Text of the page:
LORI NEdescu,

MS RD CSSD

@hungryforresults

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Board certified sports dietitian, pro athlete, freelance nutrition writer, published author, social content developer & personal chef.

Weigh In Response

Weigh In Response

Do you weigh yourself each morning?

For most of us, including myself, this is a daily routine just like using the toilet, drinking coffee and taking your HRV (you are doing that right!?). I suggest everyone looking to make weight changes and monitor athletic performance track weight daily. However, this daily weigh in can weigh on you mentally. That one weight is part of the picture, but on its own, it tells you virtually nothing about your progress as a whole. This is why I suggest tracking daily, to be able to see the complete picture over time and associate with how the trends are affecting your mood, goals, performance…

So if you are weighing in each morning, here are my thoughts on how to proceed.

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Why:

Weighing each morning allows you to see a metric that influences your body just like you might track power, HR, HRV, sleep, calories, etc… Doing so each morning allows you to watch fluctuations & keep an eye on progress.


How:

Wake up, use the toilet, take your clothes off, weigh yourself, write it down.


Now What?

That one weight means literally nothing. So don’t let it get you too excited or upset.

Look at your weights and see if it is realistic, if you were 188 yesterday and 189 today, that’s pretty realistic. If you have been 144 for weeks and today was 150, something else is likely going on. Again, this is about tracking over time, not the individual number on any given day.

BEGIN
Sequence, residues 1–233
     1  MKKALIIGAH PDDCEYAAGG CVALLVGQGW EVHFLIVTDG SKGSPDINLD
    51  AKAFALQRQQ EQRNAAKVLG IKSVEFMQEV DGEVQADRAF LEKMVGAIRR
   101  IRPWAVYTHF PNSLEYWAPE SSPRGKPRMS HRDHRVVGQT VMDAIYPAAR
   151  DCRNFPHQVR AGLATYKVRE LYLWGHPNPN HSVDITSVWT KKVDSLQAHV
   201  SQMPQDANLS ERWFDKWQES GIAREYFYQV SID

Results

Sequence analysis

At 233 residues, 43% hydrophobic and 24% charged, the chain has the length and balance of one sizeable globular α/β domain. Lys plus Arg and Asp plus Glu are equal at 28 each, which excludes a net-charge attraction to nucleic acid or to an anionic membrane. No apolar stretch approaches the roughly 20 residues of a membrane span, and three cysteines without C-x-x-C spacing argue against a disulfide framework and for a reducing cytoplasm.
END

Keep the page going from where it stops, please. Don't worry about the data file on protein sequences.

As yourself why you might be seeing that number; heavy meal? lots of salt? dehydrated? bloated? etc… these associated feelings can be tracked with your weight to give you a better picture of whats going on. If it has been steadily going in the wrong direction, it is time to take action. Start tracking food intake to get a sense of what you’re doing and where to make improvements. Hire a dietitian (me!) to help you figure it out and make changes.

Finally, move on. That number does not define your mood, worth, abilities… So record it and shake it off. This might be the hardest to do, but the most important. That number can get you down, or boost you up and it shouldn’t. If you have a low stress HRV, does it bring a huge smile to your face? If you get a poor recovery reading, does it ruin your day? Not likely right. Don’t let weight have that effect on you. Evaluate what is going on and adjust accordingly, thats all.

I know this is easier said than done, but try it out.

Also, remember that weight is a better indicator of progress when you track other factors ( body fat percentage, tape measure readings, mood, body image perception, etc…) along with it.



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